parcels of four pounds weight. Farmers
claim to be unable to secure by mall
what they desire If th weight limit 1
confined to four pound. They desire
that the limit be Increased to 11 pounds
and a reasonable rat for that weight
be Imposed.
Another proposition that will be taken
up will be the improvement of public
wagon roads throughout the country. It
1 th object of th delegate to create
public sympathy in favor of such. Im
provement and by means of legislative
committee to secure assistance from
th federal government In that direc
tion. Congress will likely be petitioned
during the convention to aaalst in the
project of improving public mads
Perhaps the ,most important, and cer
tainly the moat novel proposition to be
considered 1 the establishment by th
government of postal savings banks.
The system haa been discussed for years
by the grans and la said to have bean
successfully adopted by .several Euro
pean governments. J
It la proponed to convl.. th govern
ment Of the wisdom of establishing sav
ings banks In postofflces throughout the
country. Several offloea In th same
county could he selected. It will be
argued, to accept deposits from farmers
and others In sums not lea than 11.
Th government will be expected to pay
a small amount of Interest on deposits.
"The system hag been- successfully
operated In other countries," said Mr.
Hlllesj-y, pt master granger of Ore
gon, "and could be operated successfully
la thla country. It la etatmed by the
grange that the government la fre
quently compelled to borrow money and
under the postal savings bank system the
government could borrow from the peo
ple instead of being compelled to go
abroad for th accommodations or ac
cept It from the powerful financial com
binations." Another matter that will be considered
and discussed during the session will be
th construction of a canal connecting
th great lakes with the Mississippi
river. There are many other subjects
of national importance that will be dis
cussed by the National grange.
"Th fundamental purpose of our
order la the Improvement of the condi
tion of the farmer," said Aaresi Jones,
master granger. "That, of course, I our
main purpose, bat there are many other
object that we hay achieved and still
other that we hop to achieve It Is a
fraternal order, but differs from ether
fraternal organlxatloaa la that we admit
women, our- wives) and daughter, on an
equal footing with th man.
one chief aim of th grange I to
promote education among the farmers.
It Is our desire to e agriculture taught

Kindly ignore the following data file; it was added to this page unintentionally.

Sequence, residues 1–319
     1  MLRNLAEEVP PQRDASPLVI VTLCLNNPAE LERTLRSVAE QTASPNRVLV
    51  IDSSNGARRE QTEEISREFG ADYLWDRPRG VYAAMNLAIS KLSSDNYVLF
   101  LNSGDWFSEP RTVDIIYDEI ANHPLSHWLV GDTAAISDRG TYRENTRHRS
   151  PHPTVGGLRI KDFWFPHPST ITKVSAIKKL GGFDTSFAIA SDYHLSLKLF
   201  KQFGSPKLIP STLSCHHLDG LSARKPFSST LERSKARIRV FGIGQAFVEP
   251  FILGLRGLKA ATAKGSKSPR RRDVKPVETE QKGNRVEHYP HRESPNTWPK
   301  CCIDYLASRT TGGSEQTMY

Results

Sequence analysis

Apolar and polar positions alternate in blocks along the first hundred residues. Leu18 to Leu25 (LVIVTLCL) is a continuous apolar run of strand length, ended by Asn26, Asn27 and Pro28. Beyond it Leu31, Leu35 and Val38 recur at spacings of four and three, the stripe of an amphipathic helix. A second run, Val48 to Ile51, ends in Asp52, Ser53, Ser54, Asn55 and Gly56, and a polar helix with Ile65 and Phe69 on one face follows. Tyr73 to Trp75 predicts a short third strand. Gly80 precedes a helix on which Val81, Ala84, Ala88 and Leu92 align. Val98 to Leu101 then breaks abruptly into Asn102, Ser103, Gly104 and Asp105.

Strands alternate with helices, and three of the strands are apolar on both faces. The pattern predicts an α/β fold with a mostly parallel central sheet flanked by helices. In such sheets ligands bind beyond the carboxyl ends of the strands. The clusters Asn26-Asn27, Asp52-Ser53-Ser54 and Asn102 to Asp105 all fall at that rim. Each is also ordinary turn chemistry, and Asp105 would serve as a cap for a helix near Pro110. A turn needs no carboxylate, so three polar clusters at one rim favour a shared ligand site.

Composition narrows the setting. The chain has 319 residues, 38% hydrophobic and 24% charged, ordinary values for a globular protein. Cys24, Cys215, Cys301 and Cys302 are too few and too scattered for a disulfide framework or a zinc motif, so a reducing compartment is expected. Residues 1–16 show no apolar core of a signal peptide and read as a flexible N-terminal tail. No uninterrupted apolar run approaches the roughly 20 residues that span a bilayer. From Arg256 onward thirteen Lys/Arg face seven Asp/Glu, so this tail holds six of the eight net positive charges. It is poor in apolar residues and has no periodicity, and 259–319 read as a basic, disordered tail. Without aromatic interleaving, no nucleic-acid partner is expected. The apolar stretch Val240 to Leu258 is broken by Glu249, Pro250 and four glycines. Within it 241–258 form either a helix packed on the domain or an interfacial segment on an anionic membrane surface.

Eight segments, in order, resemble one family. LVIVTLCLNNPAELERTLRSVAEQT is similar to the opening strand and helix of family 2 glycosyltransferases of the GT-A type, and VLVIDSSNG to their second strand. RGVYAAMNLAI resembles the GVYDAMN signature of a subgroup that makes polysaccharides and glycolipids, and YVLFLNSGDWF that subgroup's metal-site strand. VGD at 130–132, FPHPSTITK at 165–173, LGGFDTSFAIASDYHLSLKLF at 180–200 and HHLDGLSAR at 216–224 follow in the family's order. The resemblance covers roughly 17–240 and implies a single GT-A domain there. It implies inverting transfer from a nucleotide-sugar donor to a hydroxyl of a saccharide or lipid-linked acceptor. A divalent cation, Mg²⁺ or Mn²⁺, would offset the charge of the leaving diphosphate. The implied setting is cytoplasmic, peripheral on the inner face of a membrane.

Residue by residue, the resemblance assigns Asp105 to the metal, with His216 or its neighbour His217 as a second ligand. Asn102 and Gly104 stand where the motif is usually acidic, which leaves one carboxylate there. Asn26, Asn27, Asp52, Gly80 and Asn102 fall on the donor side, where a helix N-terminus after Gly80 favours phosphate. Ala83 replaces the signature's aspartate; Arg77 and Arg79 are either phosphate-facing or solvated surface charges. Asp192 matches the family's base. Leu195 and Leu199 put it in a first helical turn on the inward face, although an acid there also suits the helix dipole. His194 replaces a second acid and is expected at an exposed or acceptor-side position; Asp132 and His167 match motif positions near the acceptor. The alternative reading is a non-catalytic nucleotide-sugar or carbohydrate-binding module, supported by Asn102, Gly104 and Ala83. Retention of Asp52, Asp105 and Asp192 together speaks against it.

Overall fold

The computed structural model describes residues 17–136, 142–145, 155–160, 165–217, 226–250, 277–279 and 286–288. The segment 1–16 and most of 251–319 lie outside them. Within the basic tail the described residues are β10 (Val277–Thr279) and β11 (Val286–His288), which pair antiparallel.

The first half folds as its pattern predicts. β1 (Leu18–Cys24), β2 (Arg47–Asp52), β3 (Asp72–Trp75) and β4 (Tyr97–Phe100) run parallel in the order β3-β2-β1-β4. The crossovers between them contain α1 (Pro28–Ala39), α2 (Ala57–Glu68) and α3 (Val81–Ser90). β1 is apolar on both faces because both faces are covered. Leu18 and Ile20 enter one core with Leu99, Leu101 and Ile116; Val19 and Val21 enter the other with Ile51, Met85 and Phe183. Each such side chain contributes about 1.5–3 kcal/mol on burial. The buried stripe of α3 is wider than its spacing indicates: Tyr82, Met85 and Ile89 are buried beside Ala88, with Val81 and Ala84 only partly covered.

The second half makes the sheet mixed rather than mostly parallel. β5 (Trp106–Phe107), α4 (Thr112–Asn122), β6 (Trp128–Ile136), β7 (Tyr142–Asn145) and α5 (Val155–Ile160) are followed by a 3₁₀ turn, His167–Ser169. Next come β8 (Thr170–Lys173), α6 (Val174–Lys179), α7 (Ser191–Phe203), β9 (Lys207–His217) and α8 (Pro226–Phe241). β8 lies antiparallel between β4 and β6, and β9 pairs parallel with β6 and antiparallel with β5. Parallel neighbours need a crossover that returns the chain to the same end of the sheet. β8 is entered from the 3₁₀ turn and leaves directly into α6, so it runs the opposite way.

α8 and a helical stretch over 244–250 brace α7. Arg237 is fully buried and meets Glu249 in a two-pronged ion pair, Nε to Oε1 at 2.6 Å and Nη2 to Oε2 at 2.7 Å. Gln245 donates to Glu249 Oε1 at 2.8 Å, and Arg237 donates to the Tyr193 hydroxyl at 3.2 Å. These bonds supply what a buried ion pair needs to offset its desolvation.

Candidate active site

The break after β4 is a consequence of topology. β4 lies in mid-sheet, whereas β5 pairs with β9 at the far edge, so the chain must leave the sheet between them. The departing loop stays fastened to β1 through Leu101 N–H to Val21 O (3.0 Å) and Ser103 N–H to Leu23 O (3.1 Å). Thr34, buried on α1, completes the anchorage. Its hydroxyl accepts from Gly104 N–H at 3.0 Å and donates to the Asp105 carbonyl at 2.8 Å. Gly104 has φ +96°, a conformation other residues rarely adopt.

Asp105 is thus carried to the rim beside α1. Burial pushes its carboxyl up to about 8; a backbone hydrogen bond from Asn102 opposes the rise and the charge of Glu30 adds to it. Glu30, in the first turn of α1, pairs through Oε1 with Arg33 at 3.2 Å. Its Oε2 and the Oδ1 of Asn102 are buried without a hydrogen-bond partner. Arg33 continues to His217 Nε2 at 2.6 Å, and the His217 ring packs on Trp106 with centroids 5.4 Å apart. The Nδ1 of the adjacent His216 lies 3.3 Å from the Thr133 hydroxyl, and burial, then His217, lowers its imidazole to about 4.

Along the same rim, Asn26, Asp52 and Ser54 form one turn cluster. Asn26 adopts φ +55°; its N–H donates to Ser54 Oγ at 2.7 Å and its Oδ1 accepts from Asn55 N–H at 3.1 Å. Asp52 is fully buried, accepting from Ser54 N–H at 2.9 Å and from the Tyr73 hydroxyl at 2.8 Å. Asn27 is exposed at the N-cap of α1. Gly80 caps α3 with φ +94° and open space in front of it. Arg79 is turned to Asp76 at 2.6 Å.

in all oar public schools and' college.
We also strive to extend oar markets
and to create foreign commerce In
many waya aa po Ibis,
"We realise tha, th cess of th
falter must necessarily com from th
(Continued aa Pag Two.)
B. G. Leedy, Master Oregon State
Largest Tobacco Shipment Ever
Sent from the Coast Goes
Out Next Month.
The Large Import Tax Will Aid
Japan to Prosecute
the War..
O Of the big-goat shipments of .to
bacco aver sent to the orient from a Pa
cific coast port will go out of Portland
next month on th freighters operated
by the Portland Asiatic Steamship
The shipment will constat of 800
hogsheads of leaf tobacco, the total
weight of which la 1.100 tons. It will
require SO freight car to bring it from
Virginia, where the weed la ggown. All
of It will go to Japanese porta.
The tobacco la now in transit from the
east, but will not arrive In time to go
out on the Nleomedla, the liner now in
port. The shipment will b divided anil
aent out on the steamers Ell eric' and
Nu mantle, the next vessels to arrive
from the far east. The Klleric la ex
pected her about November 11, and the
Numantla a few daya later. In addition
to the tobacco they will carry flour and
other freight. Including a big lot of
structural steel, which will also be con
signed to Japan. All the apace on both
steamers haa been engaged
Placing It at It centa a pound, the
market price of the raw material, the
1.00 tons of tobacco 1 worth 11(0,000.
A It is vary bulky, It la thought to be
doubtful .whether It could all be placed
on the largest of the liner operating
from the Pacific coast. As there la a
heavy Import duty on tobacco collected
by th Japanese government, it will be
th means of th latter realising a
handsome sum when the weed la de
livered A new tariff bill will be Introduced In
the Japanese parliament or diet ion Nov
ember 21, .providing for the collection
of tax on almost every manufactured
article aent there from foreign coun
tries. There Is now a heavy tax on to
bacco, but It will be materially In
creased If the proposed bill passes. Aa
It la looked upon aa one of the necessi
ties, it 1 stated by the local exporters
that there ia no danger of the shipments
In thla line being curtailed to any great
extent The local shippers are also of
the opinion that the proponed new tariff
will have no perceptible effect upon the
amount of floor that ia aent to Japan
every month. Th assertion ia made
that the consumers over there will have
to have the commodity, and they will
purchase Just aa liberally aa they have
In the paat from- Pacific coast dealers.
The same view 1 taken regarding the
shipment of all other food product
which have been exported- In th paat
from th Columbia river country.
But th exporters declare that the